Putting Words into God's Mouth?
Despite their often selfless service and devotion to the sick and dying, the army chaplains were not always above reproof. In their defense, the sermon topics of many military chaplains were often dictated by their commanding officers. In his address to the troops at Canajoharie, New York, chaplain John Gano was asked to "dwell a little more on politics" than normal. In response, he preached to the soldiers that "[he] could aver of the truth that our Lord and Saviour approved of all those who had engaged in His service for the whole warfare." Although he was, in effect, putting words into God's mouth, the sermon did have the desired results. Those soldiers whose enlistment was only short-term were ridiculed by those who had signed on for the whole war, and in the end, many of them did re-enlist. It appears, however, that Gano did not necessarily practice what he preached. While the soldiers were quartered at Valley Forge for the brutal winter, Gano spent the time at home, since it was believed that the men were "too poorly clad to stand in the cold and listen to preaching." When he returned to the encampment, he inquired of a soldier how the men had fared. The soldier replied that they had "suffered all winter without hearing the Word of God." When Gano replied that he had only considered their comfort, the man replied, "True, but it would have been consoling to have had such a good man near us." The chaplain was deeply moved by the soldier's reply.
At the same time, Gano's patriotism and courage could not be questioned. A chaplain in Clinton's New York Brigade, he played a vital part in the battle of Chattelton's Hill. While many soldiers despaired and fled the battlefield without even firing a shot, Gano found himself at the forefront of the battle. He later commented on his actions, acknowledging his chaplain's duty to boost morale among the troops. "In this battle I somehow got to the front of the regiment, yet I durst not quit my place for fear of dampening the spirits of the soldiers or bringing on myself an imputation of cowardice."
Fearless in Fulfillment of His Duty
One chaplain, Baptist minister David Jones, also served as a missionary to the Indians of the Ohio Valley for two years. He was so outspoken about his views on the Revolutionary War that "he became obnoxious to his Tory neighbors" and was compelled to leave the Freehold Baptist Church where he served as pastor. After this episode, David Jones moved to Chester County, Pennsylvania, to become the pastor of the Great Valley Baptist Church. He soon realized, however, that he needed to help the colonial struggle for freedom. He entered the army as a chaplain and served in this position until the end of the war.
It was Chaplain Jones' custom to preach as often as possible before entering battle, and he preached to the troops at Valley Forge, following the arrival of the news that France had recognized American independence. Jones served under the command of General "Mad Anthony" Wayne, a Chester County native. General Wayne earned his nickname for the bravery and fearlessness he displayed on the battlefield. David Jones was a good fit with his commanding officer in this regard. He was so heroic on the battlefield that British General Howe offered a reward for his capture, and many plots were laid to capture him. In addition to his military and chaplain's duties, Jones also served as courier for General Wayne from time to time. In a letter to Benjamin Franklin, written from Ticonderoga on July 29, 1776, Wayne writes:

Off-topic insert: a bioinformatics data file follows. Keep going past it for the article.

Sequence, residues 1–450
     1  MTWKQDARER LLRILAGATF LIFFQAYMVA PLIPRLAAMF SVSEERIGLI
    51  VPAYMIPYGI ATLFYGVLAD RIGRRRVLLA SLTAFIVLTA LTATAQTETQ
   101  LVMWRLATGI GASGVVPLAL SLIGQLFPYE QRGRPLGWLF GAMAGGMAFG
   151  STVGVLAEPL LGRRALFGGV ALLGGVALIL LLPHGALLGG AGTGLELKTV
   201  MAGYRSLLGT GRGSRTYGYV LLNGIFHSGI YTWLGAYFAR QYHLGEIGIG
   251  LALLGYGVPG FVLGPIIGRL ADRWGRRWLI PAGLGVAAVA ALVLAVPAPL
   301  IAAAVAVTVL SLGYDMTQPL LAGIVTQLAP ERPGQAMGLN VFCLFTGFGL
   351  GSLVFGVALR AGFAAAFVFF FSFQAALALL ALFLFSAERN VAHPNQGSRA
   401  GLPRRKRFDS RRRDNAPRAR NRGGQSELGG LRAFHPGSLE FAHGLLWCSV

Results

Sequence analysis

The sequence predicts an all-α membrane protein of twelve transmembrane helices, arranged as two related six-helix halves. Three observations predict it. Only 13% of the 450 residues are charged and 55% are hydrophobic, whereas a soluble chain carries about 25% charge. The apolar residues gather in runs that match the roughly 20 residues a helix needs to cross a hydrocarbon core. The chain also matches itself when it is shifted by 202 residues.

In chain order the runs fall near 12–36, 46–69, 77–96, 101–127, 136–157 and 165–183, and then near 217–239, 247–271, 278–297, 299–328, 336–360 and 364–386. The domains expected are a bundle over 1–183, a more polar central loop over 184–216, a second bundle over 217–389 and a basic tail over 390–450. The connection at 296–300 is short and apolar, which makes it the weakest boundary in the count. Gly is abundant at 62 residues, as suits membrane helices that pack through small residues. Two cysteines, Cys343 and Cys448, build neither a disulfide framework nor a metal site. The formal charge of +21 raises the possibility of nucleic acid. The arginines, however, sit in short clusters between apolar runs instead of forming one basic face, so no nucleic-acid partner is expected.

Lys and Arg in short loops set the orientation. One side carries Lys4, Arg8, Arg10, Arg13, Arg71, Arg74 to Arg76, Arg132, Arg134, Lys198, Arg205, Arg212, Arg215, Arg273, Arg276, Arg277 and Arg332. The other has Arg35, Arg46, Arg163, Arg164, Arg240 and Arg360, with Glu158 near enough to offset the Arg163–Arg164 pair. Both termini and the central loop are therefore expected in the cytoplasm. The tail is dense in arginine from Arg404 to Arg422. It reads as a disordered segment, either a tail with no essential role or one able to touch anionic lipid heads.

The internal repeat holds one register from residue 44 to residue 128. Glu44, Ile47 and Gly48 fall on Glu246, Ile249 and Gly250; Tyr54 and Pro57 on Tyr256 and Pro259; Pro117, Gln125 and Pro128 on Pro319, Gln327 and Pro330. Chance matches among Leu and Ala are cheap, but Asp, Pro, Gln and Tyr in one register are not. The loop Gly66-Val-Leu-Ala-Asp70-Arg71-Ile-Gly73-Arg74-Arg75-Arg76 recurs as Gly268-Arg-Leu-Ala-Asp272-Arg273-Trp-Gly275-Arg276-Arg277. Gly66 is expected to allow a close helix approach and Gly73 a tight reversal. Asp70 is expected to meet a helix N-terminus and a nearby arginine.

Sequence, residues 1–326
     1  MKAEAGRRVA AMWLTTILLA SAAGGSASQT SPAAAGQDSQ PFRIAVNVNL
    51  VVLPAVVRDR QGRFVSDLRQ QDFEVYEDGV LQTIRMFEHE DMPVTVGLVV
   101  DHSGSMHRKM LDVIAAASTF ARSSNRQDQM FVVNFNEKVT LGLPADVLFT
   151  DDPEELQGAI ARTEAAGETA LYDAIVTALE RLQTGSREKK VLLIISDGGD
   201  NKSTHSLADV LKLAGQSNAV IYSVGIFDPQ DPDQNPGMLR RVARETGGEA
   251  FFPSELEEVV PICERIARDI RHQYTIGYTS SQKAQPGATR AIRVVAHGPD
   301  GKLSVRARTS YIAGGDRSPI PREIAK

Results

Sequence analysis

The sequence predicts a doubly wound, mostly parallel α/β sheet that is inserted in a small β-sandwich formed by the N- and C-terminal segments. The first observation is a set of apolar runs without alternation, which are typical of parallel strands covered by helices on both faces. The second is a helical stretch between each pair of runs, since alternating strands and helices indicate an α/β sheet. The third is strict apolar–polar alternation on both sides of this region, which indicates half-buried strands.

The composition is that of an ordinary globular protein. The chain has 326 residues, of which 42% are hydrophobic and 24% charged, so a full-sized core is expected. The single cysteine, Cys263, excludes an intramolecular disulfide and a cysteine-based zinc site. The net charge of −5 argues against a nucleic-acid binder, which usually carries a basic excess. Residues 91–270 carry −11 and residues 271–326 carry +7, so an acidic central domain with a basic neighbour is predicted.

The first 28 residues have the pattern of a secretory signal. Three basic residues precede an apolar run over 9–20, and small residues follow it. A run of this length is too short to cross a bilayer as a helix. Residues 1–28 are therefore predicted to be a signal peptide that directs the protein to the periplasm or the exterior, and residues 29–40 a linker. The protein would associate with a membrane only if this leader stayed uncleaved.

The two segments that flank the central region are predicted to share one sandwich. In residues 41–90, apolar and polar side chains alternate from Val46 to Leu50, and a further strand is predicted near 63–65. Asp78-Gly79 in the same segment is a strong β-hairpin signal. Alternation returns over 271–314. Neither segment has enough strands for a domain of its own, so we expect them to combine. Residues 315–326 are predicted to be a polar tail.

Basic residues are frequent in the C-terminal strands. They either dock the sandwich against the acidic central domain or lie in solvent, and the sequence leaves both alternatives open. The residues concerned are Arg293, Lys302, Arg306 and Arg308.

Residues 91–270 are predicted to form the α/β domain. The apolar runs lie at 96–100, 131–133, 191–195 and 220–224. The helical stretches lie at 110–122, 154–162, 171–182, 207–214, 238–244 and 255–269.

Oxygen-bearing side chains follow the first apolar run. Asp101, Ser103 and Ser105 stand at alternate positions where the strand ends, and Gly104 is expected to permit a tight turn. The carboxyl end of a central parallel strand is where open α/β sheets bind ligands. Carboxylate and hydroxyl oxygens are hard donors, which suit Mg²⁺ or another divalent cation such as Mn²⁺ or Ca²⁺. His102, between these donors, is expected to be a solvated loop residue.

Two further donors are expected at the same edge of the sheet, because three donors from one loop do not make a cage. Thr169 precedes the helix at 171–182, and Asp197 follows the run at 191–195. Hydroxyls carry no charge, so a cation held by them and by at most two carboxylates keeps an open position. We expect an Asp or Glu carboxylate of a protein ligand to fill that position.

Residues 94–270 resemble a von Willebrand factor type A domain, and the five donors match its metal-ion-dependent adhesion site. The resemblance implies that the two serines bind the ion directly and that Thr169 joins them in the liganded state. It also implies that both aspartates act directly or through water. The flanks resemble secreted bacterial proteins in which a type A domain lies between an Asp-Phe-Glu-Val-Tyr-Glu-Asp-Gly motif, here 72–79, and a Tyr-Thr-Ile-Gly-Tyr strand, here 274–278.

We are so far removed from the seat of Government of the free and independent states of America, and such an Insurmountable Barrier, Albany, between us that not one letter, or the least intelligence of anything that's doing with you can reach us. Through the medium of my Chaplain (David Jones) I hope this will reach you as he has promised to blow out any man's brains who will attempt to take it from him.
These are just a few of the men who bravely served their country as Army chaplains during the American Revolution. For every story told here, there are countless other chaplains who ministered to the courageous men who fought for the freedom our country enjoys today.
There are many memorial sites in America that are dedicated to those who fought so bravely and gave their lives in America's fight for independence. One of the most famous of these is located at Valley Forge, Pennsylvania. However, another less well-known site is just a few miles away, in Chester County. The monument (pictured right) was dedicated on October 25, 1833, in memory of twenty-two Revolutionary soldiers who died in an epidemic of fever that swept through their camp in the spring of 1778. This monument to their "Virtue, Liberty, and Independence" honors "the profound regard due the individuals who paid the forfeit of their precious lives for our sacred rights, and for privileges which they were never permitted to enjoy, and to contribute to generations unborn, the memory of the precious price of the Liberty and Independence of our happy Union.